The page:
Two more points to finish chapter 6: about the all-or-nothing nature of virtue, and about the unqualified good the virtue is. These are both standard Stoic doctrines, which Larry convincingly re-interprets in modern fashion.

It may seem paradoxical to say that virtue is all or nothing (as the ancient Stoics did) and yet to also state that we can make progress toward virtue (after all, we are supposed to be prokoptontes and prokoptousai — those who make progress). But virtue is perfection of agency, and strictly speaking the only beings who are perfectly virtuous are the Sages. But Sages are as rare as the Phoenix (as Seneca says). That means the rest of us can, and should, strive toward Sagehood, even if it is ultimately unachievable. In so striving, we are making progress. (If this notion sounds strange, it is no different from Buddhists attempting to achieve enlightenment, even though that feat is also about as rare as the Phoenix.)

Here is a geometric analogy I came up with last night while discussing these issues at my Stoic School of Life. Imagine a perfect circle. It is defined rigorously as a round plane figure whose boundary (the circumference) consists of points equidistant from a fixed point (the center). Any deviation from this makes for something that looks like a circle but isn’t (technically, it’s an ellipse). If our goal is to draw a circle, but we do not exactly succeed, then we are drawing an imperfect circle. But imperfection comes in degrees. Consider the following figure:

Only the innermost drawing is a perfect circle. All others are ellipses, but they approximate the circle more and more as one moves from the outermost one toward the center. Very few of us could draw a perfect circle by hand (as Giotto is reputed to have done), but we can presumably get better and better with practice. Every time we come closer and yet do not succeed we are making progress. But every time we do not succeed we have not reached perfection (geometrically defined as above), because perfection is all or nothing, but imperfection has infinite degrees. The same goes for virtue: it is all or nothing, and yet we can (and should) make progress.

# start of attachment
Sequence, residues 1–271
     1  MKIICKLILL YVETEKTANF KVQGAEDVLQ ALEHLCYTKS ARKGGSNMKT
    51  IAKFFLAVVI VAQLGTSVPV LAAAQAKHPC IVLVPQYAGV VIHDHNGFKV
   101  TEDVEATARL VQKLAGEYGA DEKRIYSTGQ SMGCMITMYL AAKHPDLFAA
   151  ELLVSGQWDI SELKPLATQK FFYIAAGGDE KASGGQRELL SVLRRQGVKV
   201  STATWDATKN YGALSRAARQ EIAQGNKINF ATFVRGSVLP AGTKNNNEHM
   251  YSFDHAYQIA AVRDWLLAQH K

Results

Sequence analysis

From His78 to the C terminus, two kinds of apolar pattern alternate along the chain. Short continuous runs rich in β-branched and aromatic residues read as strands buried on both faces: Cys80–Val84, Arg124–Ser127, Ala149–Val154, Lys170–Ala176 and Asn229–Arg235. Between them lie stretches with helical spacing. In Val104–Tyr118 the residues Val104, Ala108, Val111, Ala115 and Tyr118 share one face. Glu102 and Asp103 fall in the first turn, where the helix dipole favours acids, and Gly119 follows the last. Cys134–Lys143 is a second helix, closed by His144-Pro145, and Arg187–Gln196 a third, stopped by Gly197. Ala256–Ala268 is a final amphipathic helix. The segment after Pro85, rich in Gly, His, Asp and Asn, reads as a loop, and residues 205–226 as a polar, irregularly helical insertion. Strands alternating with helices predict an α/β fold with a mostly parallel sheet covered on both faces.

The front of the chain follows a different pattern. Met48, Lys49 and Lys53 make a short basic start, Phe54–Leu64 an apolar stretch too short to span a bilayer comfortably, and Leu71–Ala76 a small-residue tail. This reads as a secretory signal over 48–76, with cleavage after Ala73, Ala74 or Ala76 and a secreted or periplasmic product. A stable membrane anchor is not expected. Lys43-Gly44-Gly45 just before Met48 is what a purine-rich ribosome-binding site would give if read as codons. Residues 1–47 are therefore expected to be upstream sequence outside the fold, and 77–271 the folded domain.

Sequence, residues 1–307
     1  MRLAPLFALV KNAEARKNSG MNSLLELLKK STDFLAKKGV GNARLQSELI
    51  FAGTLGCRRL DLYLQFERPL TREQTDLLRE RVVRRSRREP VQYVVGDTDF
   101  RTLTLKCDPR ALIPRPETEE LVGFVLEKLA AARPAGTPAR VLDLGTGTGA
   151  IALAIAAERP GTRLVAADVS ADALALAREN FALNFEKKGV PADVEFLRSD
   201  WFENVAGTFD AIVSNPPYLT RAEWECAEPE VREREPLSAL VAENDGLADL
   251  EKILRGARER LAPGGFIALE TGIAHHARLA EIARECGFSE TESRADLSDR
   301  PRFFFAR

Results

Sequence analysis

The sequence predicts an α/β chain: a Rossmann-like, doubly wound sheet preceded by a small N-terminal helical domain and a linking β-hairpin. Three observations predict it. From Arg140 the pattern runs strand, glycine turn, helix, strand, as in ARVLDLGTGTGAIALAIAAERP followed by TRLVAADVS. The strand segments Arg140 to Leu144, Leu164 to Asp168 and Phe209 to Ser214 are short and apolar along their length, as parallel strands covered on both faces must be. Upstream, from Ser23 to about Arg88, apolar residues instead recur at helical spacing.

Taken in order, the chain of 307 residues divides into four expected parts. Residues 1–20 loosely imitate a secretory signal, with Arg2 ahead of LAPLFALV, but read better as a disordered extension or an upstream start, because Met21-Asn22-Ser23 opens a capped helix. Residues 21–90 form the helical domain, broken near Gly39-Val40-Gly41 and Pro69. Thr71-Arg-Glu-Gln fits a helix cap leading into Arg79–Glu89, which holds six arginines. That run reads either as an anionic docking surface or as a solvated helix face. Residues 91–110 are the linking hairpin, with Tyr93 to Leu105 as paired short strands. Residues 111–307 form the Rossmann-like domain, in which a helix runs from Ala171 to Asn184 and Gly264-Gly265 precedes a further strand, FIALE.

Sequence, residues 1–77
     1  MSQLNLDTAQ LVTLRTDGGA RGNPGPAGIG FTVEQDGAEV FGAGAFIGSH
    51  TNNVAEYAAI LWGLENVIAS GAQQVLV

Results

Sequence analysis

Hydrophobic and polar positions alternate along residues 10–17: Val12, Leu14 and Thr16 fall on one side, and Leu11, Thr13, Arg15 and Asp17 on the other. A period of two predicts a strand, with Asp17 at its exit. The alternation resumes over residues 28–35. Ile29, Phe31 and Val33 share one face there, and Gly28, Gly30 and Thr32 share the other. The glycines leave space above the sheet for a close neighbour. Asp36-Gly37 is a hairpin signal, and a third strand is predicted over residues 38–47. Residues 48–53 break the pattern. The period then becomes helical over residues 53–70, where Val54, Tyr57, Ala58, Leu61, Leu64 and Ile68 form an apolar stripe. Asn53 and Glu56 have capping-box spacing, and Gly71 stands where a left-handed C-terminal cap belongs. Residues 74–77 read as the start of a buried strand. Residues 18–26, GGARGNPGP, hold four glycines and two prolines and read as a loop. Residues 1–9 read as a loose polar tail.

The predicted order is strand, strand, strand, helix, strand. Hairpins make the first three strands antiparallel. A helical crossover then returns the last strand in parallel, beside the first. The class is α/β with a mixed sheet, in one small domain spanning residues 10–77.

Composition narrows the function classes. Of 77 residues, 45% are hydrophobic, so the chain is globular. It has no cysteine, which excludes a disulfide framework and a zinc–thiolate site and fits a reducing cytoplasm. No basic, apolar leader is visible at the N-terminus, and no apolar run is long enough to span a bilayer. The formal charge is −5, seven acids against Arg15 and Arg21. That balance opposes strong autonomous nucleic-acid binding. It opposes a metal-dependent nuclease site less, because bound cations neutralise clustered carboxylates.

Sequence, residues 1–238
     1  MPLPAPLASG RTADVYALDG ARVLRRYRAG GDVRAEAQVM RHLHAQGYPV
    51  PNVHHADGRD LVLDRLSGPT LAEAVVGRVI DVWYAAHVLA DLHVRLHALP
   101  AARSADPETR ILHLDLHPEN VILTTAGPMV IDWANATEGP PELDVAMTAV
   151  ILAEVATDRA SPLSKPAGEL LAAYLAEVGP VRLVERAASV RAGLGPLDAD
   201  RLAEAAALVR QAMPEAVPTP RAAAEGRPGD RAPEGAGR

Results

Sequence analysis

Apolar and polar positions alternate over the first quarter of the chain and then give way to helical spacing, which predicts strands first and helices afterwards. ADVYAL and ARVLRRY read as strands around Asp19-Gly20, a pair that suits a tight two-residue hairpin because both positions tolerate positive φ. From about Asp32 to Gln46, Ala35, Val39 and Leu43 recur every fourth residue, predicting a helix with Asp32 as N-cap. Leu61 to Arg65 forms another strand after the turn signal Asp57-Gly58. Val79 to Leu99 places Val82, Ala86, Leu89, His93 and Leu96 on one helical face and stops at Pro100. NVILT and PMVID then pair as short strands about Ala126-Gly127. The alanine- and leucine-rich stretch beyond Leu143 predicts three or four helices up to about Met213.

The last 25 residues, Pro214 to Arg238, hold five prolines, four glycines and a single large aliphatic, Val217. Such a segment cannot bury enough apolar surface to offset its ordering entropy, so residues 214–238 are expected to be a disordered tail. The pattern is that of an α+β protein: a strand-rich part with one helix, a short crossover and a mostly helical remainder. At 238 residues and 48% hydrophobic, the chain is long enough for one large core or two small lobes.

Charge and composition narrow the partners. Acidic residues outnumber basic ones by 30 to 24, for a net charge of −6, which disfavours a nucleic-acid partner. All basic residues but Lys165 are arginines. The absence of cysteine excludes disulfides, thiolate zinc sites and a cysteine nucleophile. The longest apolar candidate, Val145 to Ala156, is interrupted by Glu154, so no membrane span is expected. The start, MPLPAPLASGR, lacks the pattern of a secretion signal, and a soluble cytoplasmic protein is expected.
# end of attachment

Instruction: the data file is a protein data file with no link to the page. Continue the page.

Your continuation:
Finally, consider the idea — again common among the Ancient Stoics — that virtue is the chief good, as also explained by Socrates in the Euthydemus. Here is how Becker puts it:

“For a healthy agent, no matter what her circumstances, virtue as a set of dispositional powers is unconditionally a good, right up to the moment of death. We can think of no circumstances in which a mature, healthy agent could plausibly hold that the ability to act appropriately, as understood here, is a bad or indifferent thing, all things considered. … It is a good in sickness and in health, war and peace, poverty or plenty, hate or love. It is a good independently of how things turn out (recall the archer). It is a good independently of others’ attitudes, actions, virtues, and vices. Moreover, virtue appears to be unique in this regard. Everything else (pleasure, for example) is only conditionally good.” (p. 134)

So there you have it, folks: virtue is the same thing as the recursive perfection of agency applied to all our endeavors all-things-considered. It is so for a certain type of agent. It is all or nothing, and yet we can make progress toward it. And it is the only thing that cannot possibly be misused by us.

Becker’s A New Stoicism, VI: following the facts, part 2

Continuing my in-depth commentary of Larry Becker’s landmark book, A New Stoicism, we have come to the second part of chapter 5, broadly devoted to a modern reconstruction of the famous Stoic motto, “live according to nature.” As we have seen, Larry re-interprets this as “follow the facts,” a concept he further elaborates in this manner:

“Following nature means following the facts. It means getting the facts about the physical and social world we inhabit, and the facts about our situation in it — our own powers, relationships, limitations, possibilities, motives, intentions, and endeavors — before we deliberate about normative matters. It means facing those facts — accepting them for exactly what they are, no more and no less — before we draw normative conclusions from them. It means doing ethics from the facts — constructing normative propositions a posteriori. It means adjusting those normative propositions to fit changes in the facts.” (p. 46)